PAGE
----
- Format: Paperback
- ISBN: 978-1-5261-1484-6
- Pages: 240
- Publisher: Manchester University Press
- Price: £23.50
- Published Date: December 2019
- BIC Category: HISTORY / Military / General, TECHNOLOGY & ENGINEERING / Military Science, HISTORY / Military / Biological & Chemical Warfare, TECHNOLOGY & ENGINEERING / General, Society & social sciences / Comparative politics, Bio-Ethics, Politics, Society & social sciences / Warfare & defence, Technology: General Issues, International relations, PHILOSOPHY / Ethics & Moral Philosophy, POLITICAL SCIENCE / Comparative Politics, Society & social sciences / International relations, Ethics & Moral Philosophy
As innovations in military technologies race toward ever-greater levels of automation and autonomy, debates over the ethics of violent technologies tread water. Death Machines reframes these debates, arguing that the way we conceive of the ethics of contemporary warfare is itself imbued with a set of bio-technological rationalities that work as limits. The task for critical thought must therefore be to unpack, engage, and challenge these limits. Drawing on the work of Hannah Arendt, the book offers a close reading of the technology-biopolitics-complex that informs and produces contemporary subjectivities, highlighting the perilous implications this has for how we think about the ethics of political violence, both now and in the future.
'Schwarz pulls no punches in her epic journey through the technologies of violence. This is a brilliantly written and well-crafted work that will change the way you think about armed conflict.'
Noel Sharkey, Emeritus Professor of AI and Robotics, University of Sheffield and Chair of the International Committee for Robot Arms Control
'Death Machines brings some much-needed philosophical depth to the debate on armed drones. Drawing on authors such as Hannah Arendt and Michel Foucault, Elke Schwarz shows how our dependence on technology limits our room for action. Schwarz rightly questions the idea that ethics is a body of fixed rules and precepts already out there, and investigates how the use of armed drones shapes our moral thinking.'
Peter Olsthoorn, Associate Professor Military Leadership and Ethics, Netherlands Defence Academy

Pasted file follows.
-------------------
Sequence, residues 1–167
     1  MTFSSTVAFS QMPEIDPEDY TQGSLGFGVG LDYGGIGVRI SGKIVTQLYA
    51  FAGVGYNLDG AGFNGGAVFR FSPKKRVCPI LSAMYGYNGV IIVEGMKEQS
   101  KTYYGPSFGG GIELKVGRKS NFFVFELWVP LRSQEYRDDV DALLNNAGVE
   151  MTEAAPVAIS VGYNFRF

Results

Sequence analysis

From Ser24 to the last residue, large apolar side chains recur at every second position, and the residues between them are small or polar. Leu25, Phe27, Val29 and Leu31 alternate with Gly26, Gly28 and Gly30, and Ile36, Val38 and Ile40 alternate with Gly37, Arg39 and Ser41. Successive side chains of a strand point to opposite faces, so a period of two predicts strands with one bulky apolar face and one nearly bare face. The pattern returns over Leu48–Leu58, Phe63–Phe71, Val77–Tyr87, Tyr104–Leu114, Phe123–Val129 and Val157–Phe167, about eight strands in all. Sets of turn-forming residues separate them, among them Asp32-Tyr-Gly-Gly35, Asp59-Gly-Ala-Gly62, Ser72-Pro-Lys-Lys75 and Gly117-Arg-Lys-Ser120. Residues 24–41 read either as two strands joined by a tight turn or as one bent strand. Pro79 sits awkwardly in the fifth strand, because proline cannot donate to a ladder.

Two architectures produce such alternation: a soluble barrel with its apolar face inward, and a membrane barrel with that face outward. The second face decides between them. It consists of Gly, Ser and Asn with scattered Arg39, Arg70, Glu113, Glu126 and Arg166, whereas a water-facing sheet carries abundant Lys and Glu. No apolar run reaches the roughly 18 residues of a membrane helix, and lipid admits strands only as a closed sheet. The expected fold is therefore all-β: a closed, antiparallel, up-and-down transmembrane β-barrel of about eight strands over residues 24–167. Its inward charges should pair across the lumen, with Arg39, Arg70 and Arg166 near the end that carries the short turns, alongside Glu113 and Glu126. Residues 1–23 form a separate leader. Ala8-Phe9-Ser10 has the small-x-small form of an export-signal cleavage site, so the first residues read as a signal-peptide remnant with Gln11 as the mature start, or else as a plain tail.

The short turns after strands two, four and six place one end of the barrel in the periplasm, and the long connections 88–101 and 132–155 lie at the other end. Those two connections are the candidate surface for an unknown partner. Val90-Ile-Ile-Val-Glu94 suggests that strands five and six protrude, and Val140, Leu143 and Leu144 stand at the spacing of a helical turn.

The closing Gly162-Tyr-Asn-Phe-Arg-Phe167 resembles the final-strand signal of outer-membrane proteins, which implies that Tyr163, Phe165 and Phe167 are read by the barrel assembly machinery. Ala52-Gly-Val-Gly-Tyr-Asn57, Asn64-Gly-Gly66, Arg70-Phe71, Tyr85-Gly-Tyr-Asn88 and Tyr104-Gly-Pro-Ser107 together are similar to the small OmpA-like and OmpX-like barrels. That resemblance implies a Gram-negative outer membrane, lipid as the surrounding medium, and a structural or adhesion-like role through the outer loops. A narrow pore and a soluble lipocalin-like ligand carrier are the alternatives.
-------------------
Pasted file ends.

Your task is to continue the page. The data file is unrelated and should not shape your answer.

'In this remarkable new book, Elke Schwarz investigates the terms of the debate concerning lethal autonomous weapons, providing us with an illuminating critique of the biopolitical and technological rationalities that organise, inform, and justify the existing arguments both for and against killer robots. The best defence is a killer critique.'
David J. Gunkel, Distinguished Teaching Professor, Northern Illinois University
'Death Machines combines a thoughtful account of Hannah Arendt as a guide to biopolitics and violence with a critique of algorithmic approaches to ethics, and an up-to-the-moment reading of the contemporary state of the art with respect to AI, Drones and Autonomous Weapons Systems. Schwarz's account is compelling -a fascinating, must-read book.'
C J Brown, Emeritus Professor of International Relations at the London School of Economics and Political Science
'Essential reading for those working with or on the issue of drones, autonomy and AI to engage with the ever-increasing use of violent technologies, regarding both the physical death they inflict and the ethical death in the wake of their use.'
Joanna Frew, Drone Wars UK
'Schwarz's book should be essential reading for scholars across the fields of (critical) war studies, political theory and political philosophy. Furthermore, the extensive discussion of Arendt's biopolitics will appeal to Arendtian scholars and scholars of biopolitics more widely.'
Introduction: The conditioned human
1. Biopolitics and the technological subject
2. Biopolitical technologies in Arendt and Foucault
3. Anti-political (post)modernity
4. Procedural violence
5. Ethics as technics
6. All hail our robot overlords
7. Prescription drones
Conclusion: For an ethics beyond technics
Elke Schwarz is Lecturer in Political Theory at Queen Mary University of London